Smartglasses, or augmented reality glasses, may have found niches in military and industrial circles, but haven't really caught on with consumers for a number of reasons – a major one being that they're extremely conspicuous. To help rectify this, the Fraunhofer Institute for Applied Optics and Precision Engineering (IOF) in Jena, Germany, has developed technology that allows for a more unobtrusive design, while also providing improved functionality.
Soundhawk is an ear-worn "smart listening system," which the company is very careful to describe as ... well, anything but a hearing aid. So we took those claims at face value, to see how it stacks up as an audio enhancer for people with "normal" (or close to it) hearing. Read on for Gizmag's review.
We've already heard about electronic earplugs that only block sound when loud noises occur, or that amplify human voices.
Doppler Labs' Here Active Listening system, however, takes things a
step further. Consisting of an app-controlled pair of wireless earbuds,
it lets users filter out or enhance audio frequencies in real-world
ambient sound before it reaches their ears.
Back at CES 2015, one of the coolest new gizmos we tried was Thync. The wearable zaps your brain to make you feel either calm or energized (or both) – and, despite some healthy skepticism at first, we found that it worked exactly as advertised. We got a second hands-on last week in advance of Thync pre-orders starting today.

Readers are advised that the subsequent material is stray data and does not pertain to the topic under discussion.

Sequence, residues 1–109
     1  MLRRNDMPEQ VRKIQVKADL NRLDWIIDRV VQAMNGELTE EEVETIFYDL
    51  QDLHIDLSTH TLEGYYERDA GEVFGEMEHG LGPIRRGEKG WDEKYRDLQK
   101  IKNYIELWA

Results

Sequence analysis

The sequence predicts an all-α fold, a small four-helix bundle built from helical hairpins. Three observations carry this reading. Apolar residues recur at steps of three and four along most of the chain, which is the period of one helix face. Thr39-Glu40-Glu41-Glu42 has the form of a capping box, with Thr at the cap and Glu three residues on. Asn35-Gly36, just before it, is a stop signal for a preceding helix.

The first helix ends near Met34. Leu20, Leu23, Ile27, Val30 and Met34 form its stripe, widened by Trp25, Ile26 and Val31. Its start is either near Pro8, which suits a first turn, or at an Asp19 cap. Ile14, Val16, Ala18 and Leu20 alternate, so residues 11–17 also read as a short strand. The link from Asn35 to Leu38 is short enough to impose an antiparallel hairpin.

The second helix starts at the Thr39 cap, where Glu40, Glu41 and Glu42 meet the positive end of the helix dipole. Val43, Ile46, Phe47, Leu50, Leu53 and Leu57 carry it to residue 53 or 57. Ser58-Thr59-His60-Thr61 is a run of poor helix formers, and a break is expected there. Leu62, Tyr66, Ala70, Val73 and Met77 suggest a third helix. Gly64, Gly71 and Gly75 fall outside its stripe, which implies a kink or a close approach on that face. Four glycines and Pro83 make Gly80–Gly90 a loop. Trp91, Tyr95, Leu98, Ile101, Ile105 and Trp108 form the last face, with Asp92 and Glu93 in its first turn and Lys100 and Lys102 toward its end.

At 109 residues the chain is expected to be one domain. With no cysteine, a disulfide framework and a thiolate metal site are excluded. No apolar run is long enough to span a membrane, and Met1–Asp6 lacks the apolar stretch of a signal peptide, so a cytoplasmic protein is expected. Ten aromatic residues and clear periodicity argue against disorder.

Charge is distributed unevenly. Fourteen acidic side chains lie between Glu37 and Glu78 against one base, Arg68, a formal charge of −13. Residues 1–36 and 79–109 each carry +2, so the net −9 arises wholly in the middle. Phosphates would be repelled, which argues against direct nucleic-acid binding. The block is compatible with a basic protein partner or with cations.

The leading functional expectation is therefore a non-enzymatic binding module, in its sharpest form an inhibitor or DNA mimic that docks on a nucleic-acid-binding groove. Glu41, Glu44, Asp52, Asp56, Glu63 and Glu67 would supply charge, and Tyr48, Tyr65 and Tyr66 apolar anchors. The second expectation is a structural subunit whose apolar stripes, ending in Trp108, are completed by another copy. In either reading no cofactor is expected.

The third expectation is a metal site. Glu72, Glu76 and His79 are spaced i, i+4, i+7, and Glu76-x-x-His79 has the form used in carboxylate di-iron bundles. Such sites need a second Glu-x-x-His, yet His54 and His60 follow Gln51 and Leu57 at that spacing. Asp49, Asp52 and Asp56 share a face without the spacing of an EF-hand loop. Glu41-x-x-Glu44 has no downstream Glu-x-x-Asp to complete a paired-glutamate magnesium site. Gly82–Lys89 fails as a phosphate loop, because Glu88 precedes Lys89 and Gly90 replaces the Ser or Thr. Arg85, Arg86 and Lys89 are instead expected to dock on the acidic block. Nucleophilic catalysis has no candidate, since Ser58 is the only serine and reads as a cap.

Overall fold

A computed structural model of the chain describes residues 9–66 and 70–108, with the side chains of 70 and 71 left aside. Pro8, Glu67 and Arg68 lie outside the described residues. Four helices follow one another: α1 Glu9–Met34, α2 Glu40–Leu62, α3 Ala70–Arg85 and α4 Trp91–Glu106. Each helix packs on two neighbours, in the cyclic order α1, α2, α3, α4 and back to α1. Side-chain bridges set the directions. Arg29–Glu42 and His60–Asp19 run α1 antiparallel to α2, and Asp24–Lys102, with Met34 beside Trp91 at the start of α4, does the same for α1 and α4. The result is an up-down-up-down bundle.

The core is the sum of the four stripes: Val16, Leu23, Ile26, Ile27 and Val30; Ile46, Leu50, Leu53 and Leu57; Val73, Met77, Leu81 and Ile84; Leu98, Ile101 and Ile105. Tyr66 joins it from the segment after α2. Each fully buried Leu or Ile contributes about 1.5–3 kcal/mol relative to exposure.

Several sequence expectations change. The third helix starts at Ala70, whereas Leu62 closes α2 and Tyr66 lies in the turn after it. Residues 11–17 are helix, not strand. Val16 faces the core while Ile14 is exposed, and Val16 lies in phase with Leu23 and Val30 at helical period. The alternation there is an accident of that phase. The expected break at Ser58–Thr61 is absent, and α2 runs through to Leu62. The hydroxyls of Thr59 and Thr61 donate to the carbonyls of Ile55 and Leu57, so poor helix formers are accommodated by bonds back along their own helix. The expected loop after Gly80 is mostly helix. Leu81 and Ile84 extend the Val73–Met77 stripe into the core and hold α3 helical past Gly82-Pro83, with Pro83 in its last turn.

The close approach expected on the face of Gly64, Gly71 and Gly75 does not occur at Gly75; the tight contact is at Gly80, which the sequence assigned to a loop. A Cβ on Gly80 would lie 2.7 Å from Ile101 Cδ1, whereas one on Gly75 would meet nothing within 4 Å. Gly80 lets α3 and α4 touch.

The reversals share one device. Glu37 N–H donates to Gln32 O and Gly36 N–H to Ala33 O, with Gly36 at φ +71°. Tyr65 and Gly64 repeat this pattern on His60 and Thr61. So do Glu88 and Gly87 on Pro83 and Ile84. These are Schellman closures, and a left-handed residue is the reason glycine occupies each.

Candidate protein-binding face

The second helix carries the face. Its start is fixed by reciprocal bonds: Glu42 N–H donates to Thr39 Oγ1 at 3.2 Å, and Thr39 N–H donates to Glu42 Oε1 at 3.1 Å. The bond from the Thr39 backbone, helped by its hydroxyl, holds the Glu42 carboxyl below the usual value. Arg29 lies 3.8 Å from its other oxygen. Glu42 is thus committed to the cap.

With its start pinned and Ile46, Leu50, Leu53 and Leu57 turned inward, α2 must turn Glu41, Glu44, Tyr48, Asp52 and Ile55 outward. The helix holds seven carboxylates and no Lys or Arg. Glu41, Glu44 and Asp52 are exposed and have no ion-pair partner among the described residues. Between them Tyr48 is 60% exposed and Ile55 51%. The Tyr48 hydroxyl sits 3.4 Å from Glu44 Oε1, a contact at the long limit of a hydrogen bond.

Hong Kong-based Zorloo headed to Indiegogo earlier this year to crowdfund some next generation earphones that integrated a digital-to-analog converter (DAC) and headphone amp into the inline controller. By the time the campaign closed on February 22, the campaign had attracted over US$85,000, nearly four times the funding goal. Now, after a slight production delay, backers are starting to receive their Z:ero in-ear headphones and the company's Andy Ho sent Gizmag some to try out.
If you are trying to be more active throughout the day, you really need an activity tracker that you never have to take off. That description applies to the Striiv Fusion, which is incredibly durable, and made to track both your movements and your sleep quality. Right now, you can grab one at 39% off the standard price.
Google I/O was light on new consumer products this year (and by "light," we mean there were none at all), but the company made up for the lack of marquee sizzle with some important under-the-radar innovations. While Google Cardboard is still, well, made of cardboard, the company's VR strategy is anything but paper-thin.
Google has unveiled some big virtual reality plans at I/O 2015. Not only did the company announce an updated version of its low-cost Cardboard headset, but it also unveiled a new feature designed to allow teachers to take their students on virtual field trips, and a new project that allows users to create their own 360-degree virtual reality experiences.
Google has announced a new operating system for the Internet of Things,
known as Project Brillo. It's built on a stripped-down version of
Android, provides a common language for connected home devices, as well
as a user-friendly interface that makes it easier to set up hardware.